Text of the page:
It’s been one year and I’ve forgotten how to speak.
Each “Can I hold your hand?” and “Do you smell the lavender?”
is mauled in my throat, regurgitated into water logged debris.
Words get caught in the ridges on the roof of my mouth
like a drowned paper boat to a rusted storm drain—a failed
actualization, a traveler lost on their way along the plains
of my withered tongue, over the limbo hills of my sweeping lips.
I inhale each syllable back into my lungs:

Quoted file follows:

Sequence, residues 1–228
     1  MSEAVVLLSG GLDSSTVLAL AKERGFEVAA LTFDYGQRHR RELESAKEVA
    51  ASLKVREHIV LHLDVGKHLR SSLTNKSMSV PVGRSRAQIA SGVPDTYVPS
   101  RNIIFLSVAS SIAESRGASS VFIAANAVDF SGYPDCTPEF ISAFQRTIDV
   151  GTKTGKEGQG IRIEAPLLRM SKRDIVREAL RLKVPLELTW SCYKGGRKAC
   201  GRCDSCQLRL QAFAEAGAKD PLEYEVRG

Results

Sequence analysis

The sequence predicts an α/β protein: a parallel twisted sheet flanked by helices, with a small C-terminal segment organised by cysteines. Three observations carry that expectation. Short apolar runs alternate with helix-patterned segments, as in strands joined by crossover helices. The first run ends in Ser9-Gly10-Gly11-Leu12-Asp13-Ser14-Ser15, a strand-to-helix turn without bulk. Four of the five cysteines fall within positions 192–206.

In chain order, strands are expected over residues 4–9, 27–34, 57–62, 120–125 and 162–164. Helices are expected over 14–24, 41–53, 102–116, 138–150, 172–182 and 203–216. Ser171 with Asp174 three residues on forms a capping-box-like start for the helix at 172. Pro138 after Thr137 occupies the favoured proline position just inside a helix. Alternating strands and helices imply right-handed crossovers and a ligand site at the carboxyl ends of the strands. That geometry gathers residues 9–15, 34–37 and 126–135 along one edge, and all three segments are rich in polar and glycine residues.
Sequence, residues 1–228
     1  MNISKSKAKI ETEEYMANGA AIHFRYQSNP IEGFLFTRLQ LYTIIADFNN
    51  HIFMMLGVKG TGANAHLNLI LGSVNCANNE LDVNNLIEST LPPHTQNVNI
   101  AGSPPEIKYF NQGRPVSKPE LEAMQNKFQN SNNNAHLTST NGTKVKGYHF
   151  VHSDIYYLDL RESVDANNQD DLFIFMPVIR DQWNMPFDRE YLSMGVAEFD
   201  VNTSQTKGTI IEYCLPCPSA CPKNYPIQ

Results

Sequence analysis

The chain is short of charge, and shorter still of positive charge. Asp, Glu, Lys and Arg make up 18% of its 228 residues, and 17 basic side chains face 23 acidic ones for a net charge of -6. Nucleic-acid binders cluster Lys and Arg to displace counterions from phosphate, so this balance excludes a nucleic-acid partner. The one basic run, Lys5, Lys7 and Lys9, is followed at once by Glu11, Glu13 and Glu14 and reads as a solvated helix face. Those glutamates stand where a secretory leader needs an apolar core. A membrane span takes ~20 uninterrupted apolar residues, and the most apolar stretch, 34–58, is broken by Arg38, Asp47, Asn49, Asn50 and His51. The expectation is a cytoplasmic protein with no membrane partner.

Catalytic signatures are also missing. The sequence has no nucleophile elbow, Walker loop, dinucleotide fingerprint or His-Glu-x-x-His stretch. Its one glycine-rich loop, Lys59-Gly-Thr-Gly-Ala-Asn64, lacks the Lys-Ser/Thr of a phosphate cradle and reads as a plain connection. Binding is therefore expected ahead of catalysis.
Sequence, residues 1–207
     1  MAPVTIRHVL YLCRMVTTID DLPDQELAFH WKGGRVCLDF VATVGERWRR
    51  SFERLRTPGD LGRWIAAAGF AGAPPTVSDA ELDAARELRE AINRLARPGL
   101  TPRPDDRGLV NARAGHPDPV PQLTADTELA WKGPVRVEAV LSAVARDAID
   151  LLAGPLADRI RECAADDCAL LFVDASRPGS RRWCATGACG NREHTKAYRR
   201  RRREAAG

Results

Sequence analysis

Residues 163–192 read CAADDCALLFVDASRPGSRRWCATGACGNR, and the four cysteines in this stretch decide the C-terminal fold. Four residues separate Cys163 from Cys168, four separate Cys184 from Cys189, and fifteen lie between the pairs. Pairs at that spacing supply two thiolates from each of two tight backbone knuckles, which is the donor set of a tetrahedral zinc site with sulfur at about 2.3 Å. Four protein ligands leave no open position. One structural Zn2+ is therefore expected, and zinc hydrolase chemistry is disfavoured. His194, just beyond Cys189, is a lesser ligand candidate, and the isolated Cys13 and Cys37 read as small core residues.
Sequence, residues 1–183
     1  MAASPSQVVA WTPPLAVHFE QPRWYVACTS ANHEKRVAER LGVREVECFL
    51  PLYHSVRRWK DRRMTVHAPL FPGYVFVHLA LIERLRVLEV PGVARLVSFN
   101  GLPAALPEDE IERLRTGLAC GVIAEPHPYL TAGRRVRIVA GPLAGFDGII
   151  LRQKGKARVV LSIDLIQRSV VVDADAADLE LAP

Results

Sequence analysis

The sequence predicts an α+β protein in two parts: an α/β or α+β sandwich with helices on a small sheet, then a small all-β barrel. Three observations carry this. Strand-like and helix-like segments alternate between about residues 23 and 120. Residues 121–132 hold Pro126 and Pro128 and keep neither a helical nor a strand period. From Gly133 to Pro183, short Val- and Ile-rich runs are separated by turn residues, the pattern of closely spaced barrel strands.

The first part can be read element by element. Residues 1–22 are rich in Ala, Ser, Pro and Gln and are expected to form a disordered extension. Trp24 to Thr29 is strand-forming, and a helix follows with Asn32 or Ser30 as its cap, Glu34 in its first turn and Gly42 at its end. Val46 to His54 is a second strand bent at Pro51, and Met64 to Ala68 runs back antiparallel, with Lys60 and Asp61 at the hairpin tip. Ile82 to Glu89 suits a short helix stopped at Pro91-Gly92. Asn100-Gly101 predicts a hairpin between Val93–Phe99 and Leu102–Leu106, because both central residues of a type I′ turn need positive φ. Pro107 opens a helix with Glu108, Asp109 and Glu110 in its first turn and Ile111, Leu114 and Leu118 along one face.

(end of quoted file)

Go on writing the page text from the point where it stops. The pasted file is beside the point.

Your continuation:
the only particles I don’t stall my breath around,
the only lovers I shelter with open arms. I romance
the way they mingle with each gasp and sigh
and scream and laugh and sob. Rattled music
washes over them like the six frenzied seas
of crimson ink flirting with a love letter
before they take their leave, bidding an à bientôt
to their soulmate of the night, promising
“same time, same place,” knowing well and good
it was a lie as sweet as cherry wine.